1. Scientists investigated current patterns of mercury in walleye and white sucker across a climatic gradient in northern Ontario, Canada, to assess the possible influence of climate change, which is predicted to alter many processes in boreal aquatic ecosystems.
2. They found that drainage basin characteristics and lake water chemistry, not long-term mean temperatures or precipitation, were currently the strongest indicators of mercury in fish.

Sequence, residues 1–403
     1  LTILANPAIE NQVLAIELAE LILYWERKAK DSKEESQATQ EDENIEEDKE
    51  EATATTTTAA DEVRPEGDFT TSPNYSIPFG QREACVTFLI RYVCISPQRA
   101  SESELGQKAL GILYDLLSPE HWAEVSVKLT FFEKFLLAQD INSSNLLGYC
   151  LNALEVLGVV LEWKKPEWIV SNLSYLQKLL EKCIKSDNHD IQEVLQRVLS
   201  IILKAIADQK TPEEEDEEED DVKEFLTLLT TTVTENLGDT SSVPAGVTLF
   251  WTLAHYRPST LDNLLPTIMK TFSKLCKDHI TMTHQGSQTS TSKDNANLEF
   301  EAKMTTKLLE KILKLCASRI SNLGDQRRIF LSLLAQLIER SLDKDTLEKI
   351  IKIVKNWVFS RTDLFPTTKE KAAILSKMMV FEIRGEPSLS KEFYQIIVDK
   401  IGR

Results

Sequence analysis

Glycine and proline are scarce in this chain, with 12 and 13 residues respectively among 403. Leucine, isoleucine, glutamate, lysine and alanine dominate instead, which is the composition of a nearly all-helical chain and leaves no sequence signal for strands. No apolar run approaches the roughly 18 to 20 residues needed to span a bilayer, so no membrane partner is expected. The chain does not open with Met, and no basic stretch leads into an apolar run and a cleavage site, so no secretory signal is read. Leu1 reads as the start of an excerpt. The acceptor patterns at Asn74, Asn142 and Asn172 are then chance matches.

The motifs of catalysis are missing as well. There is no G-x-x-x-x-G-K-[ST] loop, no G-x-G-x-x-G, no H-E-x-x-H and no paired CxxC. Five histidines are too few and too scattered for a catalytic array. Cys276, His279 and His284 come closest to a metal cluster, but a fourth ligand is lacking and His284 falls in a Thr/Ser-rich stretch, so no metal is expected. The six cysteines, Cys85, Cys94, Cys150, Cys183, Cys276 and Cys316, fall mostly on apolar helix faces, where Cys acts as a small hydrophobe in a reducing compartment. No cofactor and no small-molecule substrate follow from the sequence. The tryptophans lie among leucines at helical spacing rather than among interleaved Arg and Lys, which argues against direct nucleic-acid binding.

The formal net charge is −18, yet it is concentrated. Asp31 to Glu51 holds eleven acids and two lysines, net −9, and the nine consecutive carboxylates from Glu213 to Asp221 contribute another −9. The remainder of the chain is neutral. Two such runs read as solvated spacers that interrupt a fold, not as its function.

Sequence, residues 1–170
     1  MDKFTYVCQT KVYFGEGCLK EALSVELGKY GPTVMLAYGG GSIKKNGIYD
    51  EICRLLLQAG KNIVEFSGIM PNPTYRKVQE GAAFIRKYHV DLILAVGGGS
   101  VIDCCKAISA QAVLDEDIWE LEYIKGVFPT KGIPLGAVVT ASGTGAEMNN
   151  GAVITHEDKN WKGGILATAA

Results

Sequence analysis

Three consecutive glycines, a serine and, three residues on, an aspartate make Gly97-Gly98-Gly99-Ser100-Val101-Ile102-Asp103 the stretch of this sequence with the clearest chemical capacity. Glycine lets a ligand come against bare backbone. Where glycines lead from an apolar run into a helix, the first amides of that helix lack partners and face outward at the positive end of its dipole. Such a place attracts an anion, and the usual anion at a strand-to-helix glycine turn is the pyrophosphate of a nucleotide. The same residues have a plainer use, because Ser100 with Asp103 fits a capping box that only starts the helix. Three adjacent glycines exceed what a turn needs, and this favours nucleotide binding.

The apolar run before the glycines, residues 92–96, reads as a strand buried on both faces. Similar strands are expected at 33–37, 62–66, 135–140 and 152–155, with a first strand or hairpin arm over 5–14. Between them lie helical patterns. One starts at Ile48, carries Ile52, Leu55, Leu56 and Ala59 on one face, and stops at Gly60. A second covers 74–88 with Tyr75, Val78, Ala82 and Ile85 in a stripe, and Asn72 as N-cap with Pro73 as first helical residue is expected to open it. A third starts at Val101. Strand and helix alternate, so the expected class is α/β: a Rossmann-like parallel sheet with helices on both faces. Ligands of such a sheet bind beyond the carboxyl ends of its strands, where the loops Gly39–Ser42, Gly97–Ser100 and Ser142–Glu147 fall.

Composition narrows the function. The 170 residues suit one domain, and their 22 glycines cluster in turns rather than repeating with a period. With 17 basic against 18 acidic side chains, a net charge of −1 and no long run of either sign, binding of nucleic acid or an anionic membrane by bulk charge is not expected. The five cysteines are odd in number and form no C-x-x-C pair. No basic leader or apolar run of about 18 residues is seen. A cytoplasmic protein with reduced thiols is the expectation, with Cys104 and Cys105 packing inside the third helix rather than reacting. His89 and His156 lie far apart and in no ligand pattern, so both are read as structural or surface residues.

3. They conclude that mercury levels in fish is not strongly associated with current climatic conditions across northern Ontario but may be influenced by climate change in the future through indirect effects on water chemistry and food web structure.
Study and Journal: "Mercury bioaccumulation in lacustrine fish populations along a climatic gradient in northern Ontario, Canada" from Ecosystems
WCS Co-Author(s): Gretchen Lescord , WCS Canada